Taking sexiest chef nod with a pinch of salt - East Anglian Daily Times
Inspired by his French mother and Italian grandmother’s food, he knew he wanted to be a chef from the age of nine or 10.
“There was no question, I just love cooking. My first demonstration in public was at a school fair. They were trying to raise some money for something; I was the only one who did something to eat – pancakes. I became very popular, I ran out.
“So much fun, it was unbelievable. I knew I would love the work because on top of that I love to interact with people. Some people, we didn’t get on at school during the year, but it changed completely. Food brings people together.”
He was first captivated by the way bread, croissants, meringue were made. “That was absolutely unbelievable, the way they were doing that. My mother… we did not have that much money and she was doing some fantastic things for lunch, dinner, whatever.
“She can’t do that much, she got polio when she was four and that stopped her doing a lot of things… I was always very fortunate to be surrounded by fantastic people.” An AA Chef’s Chef of the Year, European Chef of the Year finalist, winner of the prestigious Egon Ronay Dessert of the Year and regular recipient of restaurant of the year, his Novelli Academy Cookery School is ranked one of the best in the world.
He will be in the cooking demo area, teaching visitors to the 11th Suffolk Spring Garden Show how to cook the perfect barbeque.
“People who are doing barbeques are very brave to be honest. It’s sad because you don’t need to have the sunshine to have a beautiful barbie outside. The most important thing is not the sun, it’s the way you can socialise and you can all enjoy food.
“I think people forget you don’t have to cook everything on the barbeque. You can do some cooking, curing or marinating before the day, it does work. For example I do some barbeque courses in my cookery school and whatever the weather is we do it “What I tend to do sometimes which surprises people, we do a pork belly glazed with honey and cider. I make sure the pork is actually cooked, then gentle glazing on the side and then finish it on the barbeque and it’s just fantastic.
“Something relatively well-balanced with salad and tomato but with a piece of chicken all burnt on the side… and people actually eat it, this is not acceptable. Washing it down with some beers or some wine is not going to help.”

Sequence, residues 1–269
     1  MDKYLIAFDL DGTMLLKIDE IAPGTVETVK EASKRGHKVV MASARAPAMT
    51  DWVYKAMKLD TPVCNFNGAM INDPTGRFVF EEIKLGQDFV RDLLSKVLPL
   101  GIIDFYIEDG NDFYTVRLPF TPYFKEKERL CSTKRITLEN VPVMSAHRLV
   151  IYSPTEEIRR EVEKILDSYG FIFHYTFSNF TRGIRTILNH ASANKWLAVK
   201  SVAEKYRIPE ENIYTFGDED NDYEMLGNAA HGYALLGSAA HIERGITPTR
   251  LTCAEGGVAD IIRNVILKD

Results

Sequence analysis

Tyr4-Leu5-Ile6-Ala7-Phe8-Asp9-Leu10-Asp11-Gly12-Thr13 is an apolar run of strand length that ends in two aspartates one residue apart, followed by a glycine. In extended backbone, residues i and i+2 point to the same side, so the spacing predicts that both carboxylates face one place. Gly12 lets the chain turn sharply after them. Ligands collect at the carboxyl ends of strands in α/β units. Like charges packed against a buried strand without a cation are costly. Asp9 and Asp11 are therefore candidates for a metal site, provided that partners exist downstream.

Novelli loves cooking for an audience. “There’s no pressure at all; cooking is cooking. I’m not asked to sing or act or do a long speech, I’m there to cook and that’s what I’ve done for more than 35 years in my life. I’m more comfortable to cook than doing DIY.”
He guarantees visitors a fun time. “I’m going to spend a lot of time speaking to people, introduce things that are very healthy - no more than six grams of salt, using less than 20 grams of saturated fat. It doesn’t mean it’s boring cooking at all; it means you’re using a greater understanding, trying to get a link to what nature provides us.”
The show will be full of the joys of a new year over the extra long Easter weekend.
It will be stocked with hundreds of top nurseries, garden companies, experts and floral displays which already include herbaceous shrubs, Japanese maples and roses.
Topping off the event on the Monday are Jazz duo Straight no Chasers, with more entertainment planned.
Green-fingered enthusiasts and occasional gardeners alike will find plenty of inspiration at the show, which includes an outdoor-shopping zone and the landscape and design area where the likes of Heather Baxter from Growing Designs will showcase some of her work.
Other garden companies attending include Katie’s Garden, Netherfold Nursery, Fairtrade Furniture and Old House Farm Nursery, all brimming with ideas for whatever sized garden you have.
The show runs from Friday, March 29 to Monday, April 1, at Trinity Park, Felixstowe Road, Ipswich. Doors open at 9:30am